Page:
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100 days of Biden

An unlikely 21st-century Roosevelt

Drew Angerer/Getty Images

When Joe Biden framed himself as a “modern-day Franklin Delano Roosevelt” last August, it “seemed presumptuous, almost megalomaniacal”, says René Pfister in Der Spiegel. The Democrats picked Biden to be a predictable, non-threatening candidate who could safely beat Donald Trump. But in his first 100 days – a milestone he reaches next week – Biden has done more than some of his predecessors managed in an entire term.

His $1.9 trillion stimulus package gave every American who earns less than $75,000 a year a $1,400 cheque. His proposed infrastructure bill – at least $2 trillion – includes the repair of 10,000 bridges and the installation of 500,000 charging stations for electric cars. It will mean that, this year, America will rack up debt equivalent to more than 10% of GDP. In peacetime, FDR never went above 6%. And on Thursday, Biden pledged to cut US carbon emissions by at least 50%, compared to 2005 levels, by 2030. What “Obama talked about so eloquently”, he’s actually doing.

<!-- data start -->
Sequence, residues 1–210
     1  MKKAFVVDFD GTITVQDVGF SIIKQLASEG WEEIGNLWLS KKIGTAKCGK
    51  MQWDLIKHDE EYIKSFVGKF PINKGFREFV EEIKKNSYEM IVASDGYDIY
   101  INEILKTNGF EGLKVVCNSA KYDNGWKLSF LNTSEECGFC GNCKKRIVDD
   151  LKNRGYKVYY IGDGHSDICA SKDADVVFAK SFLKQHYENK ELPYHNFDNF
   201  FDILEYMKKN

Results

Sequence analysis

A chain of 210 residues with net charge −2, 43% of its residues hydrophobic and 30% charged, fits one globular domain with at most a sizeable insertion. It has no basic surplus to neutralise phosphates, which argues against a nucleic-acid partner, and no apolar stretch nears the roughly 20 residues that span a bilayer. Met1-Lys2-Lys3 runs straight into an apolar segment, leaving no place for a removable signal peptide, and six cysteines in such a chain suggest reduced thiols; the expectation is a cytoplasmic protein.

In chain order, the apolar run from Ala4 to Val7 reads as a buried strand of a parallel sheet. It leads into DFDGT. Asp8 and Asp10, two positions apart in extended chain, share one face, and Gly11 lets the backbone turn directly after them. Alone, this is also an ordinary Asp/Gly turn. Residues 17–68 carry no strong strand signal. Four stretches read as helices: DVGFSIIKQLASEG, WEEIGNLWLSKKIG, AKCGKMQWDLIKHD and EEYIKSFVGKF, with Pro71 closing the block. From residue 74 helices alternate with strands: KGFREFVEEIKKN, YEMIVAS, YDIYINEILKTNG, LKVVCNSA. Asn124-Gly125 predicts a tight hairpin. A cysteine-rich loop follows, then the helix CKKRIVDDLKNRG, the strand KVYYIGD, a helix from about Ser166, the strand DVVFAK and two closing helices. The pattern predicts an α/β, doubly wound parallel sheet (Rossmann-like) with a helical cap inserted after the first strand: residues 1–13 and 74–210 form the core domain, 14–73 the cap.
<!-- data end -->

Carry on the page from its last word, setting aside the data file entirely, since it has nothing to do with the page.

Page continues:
Public approval for these radical policies “is almost surreally high”, says Paul Krugman in The New York Times. More Republican voters support the infrastructure bill than don’t. The “secret of Biden’s success” is partly identity politics: “only an old white guy can sell a new New Deal”. Another is the Republicans’ transformation into a “cult” fixated on culture wars. America’s economy is growing at its fastest rate since 1984 – if the expected economic boom materialises, Biden’s popularity will only increase.

Along with the big spending has been vaccination success, says Emily Tamkin in the New Statesman. Biden promised 100 million Covid jabs in his first 100 days, but is on track to deliver twice that. His “action-packed” legislative agenda is more pragmatic: if the Republicans get majorities in the House or the Senate in the 2022 midterm elections, Biden won’t be able to get much done afterwards.

Not that he’s achieving anything on the foreign front anyway, says Freddy Gray in The Spectator. Germany has ignored Biden’s pleas to stop the Nord Stream 2 pipeline with Russia. And for all the claims he would bring back “civility” to diplomacy, he has already called Xi Jinping a “thug” and Vladimir Putin a “killer”. His border policy has been a “catastrophe”: in March, nearly 200,000 people were stopped trying to enter the country, including tens of thousands of unaccompanied children. But with the world’s strongest economic recovery, the impressive vaccine rollout and the “gargantuan” spending, he can still be hailed as a 21st-century FDR – “just about”.

The big picture

Unlike Biden’s paper-thin margins, FDR had big majorities in both houses of Congress, says Michael Hirsh in Foreign Policy. He rammed through 15 major bills in his first three months. The humourist Will Rogers joked at the time: “They are passing bills so fast they don’t even vote on them; they just wave at them as they go by.”